England’s Owen Farrell knows how to keep lid on his emotions, says Mike Ford

England's Owen Farrell pictured ahead of Saturday's Six Nations victory over Ireland in Dublin (Picture: Lorraine O'Sullivan/PA Wire).
England's Owen Farrell pictured ahead of Saturday's Six Nations victory over Ireland in Dublin (Picture: Lorraine O'Sullivan/PA Wire).
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Owen Farrell displayed his true “controlled” temperament in England’s stunning 32-20 win over Ireland in Dublin, according to Mike Ford.

Former Ireland international Peter Stringer branded Farrell a “hothead” before England’s four-try Guinness Six Nations victory on Saturday, but ex-Ireland defence coach Ford believes those comments backfired.

Ford insists Farrell has a lid on his emotions despite his burning desire for success.

“Owen Farrell is perceived wrongly; he’s ultra competitive, and that’s what it is,” said Ford. “He wants to win and at times people view that differently. But on Saturday he was controlled all the way through.

“It’s a long time since Peter (Stringer) has played with Faz.

“You can have a week away, you can be away from a camp for a week and you can honestly not know for sure what’s going on.

“So many decisions are made every day in a camp that people don’t know about.

“I think it was designed to get under England’s skin a little bit, but it just didn’t work.”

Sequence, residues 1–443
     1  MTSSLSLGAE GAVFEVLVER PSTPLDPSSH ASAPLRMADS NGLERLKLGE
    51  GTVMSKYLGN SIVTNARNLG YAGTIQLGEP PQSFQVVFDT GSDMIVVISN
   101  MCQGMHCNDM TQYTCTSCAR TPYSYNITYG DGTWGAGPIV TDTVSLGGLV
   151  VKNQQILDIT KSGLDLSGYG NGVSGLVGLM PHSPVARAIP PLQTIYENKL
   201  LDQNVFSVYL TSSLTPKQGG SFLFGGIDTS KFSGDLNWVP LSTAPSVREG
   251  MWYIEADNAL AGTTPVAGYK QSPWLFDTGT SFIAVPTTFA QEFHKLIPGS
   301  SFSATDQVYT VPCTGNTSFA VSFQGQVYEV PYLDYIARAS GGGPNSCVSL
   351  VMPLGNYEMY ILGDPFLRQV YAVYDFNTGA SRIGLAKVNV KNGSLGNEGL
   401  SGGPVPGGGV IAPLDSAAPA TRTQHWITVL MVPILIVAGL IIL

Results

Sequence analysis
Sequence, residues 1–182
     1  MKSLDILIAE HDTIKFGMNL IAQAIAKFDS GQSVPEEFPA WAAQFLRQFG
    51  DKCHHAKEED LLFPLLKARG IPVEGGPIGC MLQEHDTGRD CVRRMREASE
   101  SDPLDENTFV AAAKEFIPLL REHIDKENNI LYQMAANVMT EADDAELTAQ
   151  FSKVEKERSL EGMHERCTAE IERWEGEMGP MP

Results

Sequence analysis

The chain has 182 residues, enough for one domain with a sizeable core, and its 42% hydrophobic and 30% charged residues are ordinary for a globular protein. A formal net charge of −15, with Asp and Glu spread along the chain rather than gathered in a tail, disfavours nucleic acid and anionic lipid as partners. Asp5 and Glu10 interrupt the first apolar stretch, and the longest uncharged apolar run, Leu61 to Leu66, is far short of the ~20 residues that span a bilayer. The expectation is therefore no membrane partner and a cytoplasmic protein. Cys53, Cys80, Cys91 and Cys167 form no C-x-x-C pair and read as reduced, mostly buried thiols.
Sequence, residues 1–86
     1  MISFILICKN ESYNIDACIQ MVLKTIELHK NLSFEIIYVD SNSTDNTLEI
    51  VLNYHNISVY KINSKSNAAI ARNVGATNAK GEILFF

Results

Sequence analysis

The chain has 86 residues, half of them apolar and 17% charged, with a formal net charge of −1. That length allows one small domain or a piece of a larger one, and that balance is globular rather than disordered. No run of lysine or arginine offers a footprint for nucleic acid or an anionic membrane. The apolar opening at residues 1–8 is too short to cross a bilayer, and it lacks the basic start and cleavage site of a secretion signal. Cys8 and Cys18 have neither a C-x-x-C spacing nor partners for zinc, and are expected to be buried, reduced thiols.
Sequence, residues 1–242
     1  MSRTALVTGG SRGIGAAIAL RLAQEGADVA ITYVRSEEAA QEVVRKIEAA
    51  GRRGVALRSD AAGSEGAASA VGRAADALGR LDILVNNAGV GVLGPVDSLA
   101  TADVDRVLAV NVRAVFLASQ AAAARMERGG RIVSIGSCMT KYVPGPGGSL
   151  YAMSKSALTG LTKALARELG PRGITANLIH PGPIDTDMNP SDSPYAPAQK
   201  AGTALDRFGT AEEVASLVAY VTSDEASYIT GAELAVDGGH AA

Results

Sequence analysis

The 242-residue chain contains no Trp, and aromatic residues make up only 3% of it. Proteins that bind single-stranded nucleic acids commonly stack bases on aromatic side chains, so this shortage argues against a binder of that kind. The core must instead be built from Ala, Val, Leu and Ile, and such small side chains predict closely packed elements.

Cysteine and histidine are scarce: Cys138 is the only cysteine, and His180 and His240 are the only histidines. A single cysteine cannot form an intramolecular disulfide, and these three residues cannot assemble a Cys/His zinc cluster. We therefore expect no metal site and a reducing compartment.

Former Munster scrum-half Stringer forged a half-back pairing with Farrell during a loan stint with Saracens in 2011.

Stringer had insisted Ireland would try to wind up Farrell in Dublin, claiming the 27-year-old was susceptible to that tactic.

Farrell never came close to losing his authority, however, as England dominated Ireland thanks to powerhouse performances from Manu Tuilagi and Mako and Billy Vunipola.

Henry Slade bagged two tries, with Jonny May and Elliot Daly also crossing, leaving Ford purring over the form of coach Eddie Jones’s side.

Ireland’s status took a hit as their 2018 Grand Slam defence floundered from the off, though Ford insisted Saturday’s result will have little bearing on the autumn’s World Cup in Japan.

“England looked fantastic, from the first to the last second,” said Ford. “Ireland came back into it like the good side they are, but England never let their foot off the throat.

“I don’t think winning or losing that game has an indication on the World Cup, I really don’t.

“When it comes to World Cup quarter-finals or semi-finals it’s always the last 10 minutes that decide whether you will win or not.”

Maro Itoje is to miss at least part of the Six Nations due to the knee injury sustained against Ireland. It is believed that a scan has revealed Itoje suffered a grade two medial ligament tear that usually requires two to four weeks of rehabilitation.

The prognosis means that the British and Irish Lions lock could be available for the finale to the tournament against Scotland on Mach 16 – and potentially earlier.

It will be a substantial blow to Jones after Itoje’s performance in the win over Ireland, but the England head coach will be able to call upon either Courtney Lawes or Joe Launchbury.